“There are €10M [$11.7M] for technical assistance to support the African ecosystem… €5M will be available as interest free loans to high potential, pre seed startups…and…€50M [$58M] will be for equity-based investments in series A to C startups,” explained Ha during a meeting in Paris.

The technical assistance will distribute in the form of grants to accelerators, hubs, incubators, and coding programs. The pre-seed startup loans will issue in amounts up to $100K “as early, early funding to allow entrepreneurs to prototype, launch, and experiment,” said Ha.

The $58M in VC startup funding will be administered through Proparco, a development finance institution—or DFI—partially owned by the AFD. The money will come “from Proparco’s balance sheet”…and a portion “will be invested in VC funds active on the continent,” said Ha.

Proparco already invests in Africa focused funds such as TLcom Capital and Partech Ventures. “Proparco will take equity stakes, and will be a limited partner when investing in VC funds,” said Ha.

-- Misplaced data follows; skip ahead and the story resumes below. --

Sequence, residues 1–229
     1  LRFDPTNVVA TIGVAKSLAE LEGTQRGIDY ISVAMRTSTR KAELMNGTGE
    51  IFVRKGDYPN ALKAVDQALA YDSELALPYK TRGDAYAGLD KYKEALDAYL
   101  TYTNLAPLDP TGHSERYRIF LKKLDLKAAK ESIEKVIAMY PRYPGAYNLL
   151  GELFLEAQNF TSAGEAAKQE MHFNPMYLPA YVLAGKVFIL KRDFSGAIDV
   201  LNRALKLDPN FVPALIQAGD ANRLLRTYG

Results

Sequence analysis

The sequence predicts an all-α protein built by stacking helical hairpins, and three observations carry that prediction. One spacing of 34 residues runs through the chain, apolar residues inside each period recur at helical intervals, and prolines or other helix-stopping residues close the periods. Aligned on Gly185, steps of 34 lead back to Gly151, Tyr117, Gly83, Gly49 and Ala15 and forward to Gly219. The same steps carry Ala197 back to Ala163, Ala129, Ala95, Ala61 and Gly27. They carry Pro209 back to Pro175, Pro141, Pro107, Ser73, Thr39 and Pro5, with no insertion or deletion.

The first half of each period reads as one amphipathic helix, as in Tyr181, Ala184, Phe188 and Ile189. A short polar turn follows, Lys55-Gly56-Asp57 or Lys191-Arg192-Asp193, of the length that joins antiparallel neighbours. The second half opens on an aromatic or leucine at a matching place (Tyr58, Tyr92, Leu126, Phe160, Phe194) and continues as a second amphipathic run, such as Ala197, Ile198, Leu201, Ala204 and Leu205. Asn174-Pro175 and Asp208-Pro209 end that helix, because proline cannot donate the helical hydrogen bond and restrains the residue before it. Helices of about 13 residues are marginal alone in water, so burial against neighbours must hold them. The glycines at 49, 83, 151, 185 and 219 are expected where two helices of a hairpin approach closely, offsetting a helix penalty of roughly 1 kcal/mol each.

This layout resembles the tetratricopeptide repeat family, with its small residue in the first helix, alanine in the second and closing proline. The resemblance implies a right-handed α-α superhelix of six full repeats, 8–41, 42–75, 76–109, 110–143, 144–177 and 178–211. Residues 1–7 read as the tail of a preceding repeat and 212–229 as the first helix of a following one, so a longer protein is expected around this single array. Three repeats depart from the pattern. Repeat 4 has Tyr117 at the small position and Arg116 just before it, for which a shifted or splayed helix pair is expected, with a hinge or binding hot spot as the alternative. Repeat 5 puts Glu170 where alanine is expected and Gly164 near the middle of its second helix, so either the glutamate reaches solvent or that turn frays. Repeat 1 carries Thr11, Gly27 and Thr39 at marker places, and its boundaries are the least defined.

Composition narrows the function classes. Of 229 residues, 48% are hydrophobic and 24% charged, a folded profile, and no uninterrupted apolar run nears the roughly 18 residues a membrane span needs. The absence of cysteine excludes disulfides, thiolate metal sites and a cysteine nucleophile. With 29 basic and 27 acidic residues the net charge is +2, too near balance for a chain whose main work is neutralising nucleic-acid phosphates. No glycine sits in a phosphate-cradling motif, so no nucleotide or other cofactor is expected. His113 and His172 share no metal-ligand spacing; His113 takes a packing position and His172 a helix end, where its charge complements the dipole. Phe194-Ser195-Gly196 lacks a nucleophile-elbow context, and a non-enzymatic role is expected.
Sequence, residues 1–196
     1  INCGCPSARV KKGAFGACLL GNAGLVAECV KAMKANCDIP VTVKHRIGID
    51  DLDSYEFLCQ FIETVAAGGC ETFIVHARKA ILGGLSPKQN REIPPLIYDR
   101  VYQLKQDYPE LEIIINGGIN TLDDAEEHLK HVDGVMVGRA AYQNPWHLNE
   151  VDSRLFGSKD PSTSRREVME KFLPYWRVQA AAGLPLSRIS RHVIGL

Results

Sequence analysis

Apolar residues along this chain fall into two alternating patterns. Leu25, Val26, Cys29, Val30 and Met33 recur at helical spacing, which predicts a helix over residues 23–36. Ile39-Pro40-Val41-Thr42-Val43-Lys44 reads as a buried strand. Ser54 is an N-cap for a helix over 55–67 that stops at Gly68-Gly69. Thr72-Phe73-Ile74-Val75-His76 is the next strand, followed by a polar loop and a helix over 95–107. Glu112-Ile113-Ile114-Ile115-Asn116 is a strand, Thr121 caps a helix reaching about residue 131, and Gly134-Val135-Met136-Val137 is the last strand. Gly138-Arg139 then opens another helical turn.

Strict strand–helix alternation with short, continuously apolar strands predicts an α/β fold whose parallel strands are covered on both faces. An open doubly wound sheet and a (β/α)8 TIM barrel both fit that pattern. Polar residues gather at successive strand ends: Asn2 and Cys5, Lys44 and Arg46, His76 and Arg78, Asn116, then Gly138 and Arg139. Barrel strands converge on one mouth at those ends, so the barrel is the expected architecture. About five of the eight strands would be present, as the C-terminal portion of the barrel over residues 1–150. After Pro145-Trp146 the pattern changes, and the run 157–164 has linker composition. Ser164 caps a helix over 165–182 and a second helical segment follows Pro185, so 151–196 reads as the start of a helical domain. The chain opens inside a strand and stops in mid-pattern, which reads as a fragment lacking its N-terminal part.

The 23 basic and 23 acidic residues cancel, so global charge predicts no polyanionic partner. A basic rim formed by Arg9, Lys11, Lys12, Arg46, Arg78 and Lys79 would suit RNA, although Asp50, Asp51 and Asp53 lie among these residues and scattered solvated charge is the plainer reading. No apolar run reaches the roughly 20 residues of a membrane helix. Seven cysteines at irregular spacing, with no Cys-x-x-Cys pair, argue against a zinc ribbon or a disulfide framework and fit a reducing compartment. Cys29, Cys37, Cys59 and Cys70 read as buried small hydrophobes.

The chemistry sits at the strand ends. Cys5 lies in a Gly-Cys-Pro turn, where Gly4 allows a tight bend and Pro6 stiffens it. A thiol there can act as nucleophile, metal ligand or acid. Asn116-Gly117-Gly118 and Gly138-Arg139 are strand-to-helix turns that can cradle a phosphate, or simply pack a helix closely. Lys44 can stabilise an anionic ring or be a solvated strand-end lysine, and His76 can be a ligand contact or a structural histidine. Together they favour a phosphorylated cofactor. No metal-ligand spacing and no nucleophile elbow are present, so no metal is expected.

Startups from all African countries can apply for a piece of the $58M by contacting any of Proparco’s Africa offices (including in Casablanca, Abidjan, Douala, Lagos, Nairobi, Johannesburg).

And what will AFD (and Proparco) look for in African startup candidates? “We are targeting young and innovative companies able to solve problems in terms of job creati

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Google makes 550M strategic investment in Chinese e-commerce firm JDcom

Google has been increasing its presence in China in recent times, and today it has continued that push by agreeing to a strategic partnership with e-commerce firm JD.com which will see Google purchase $550 million of shares in the Chinese firm.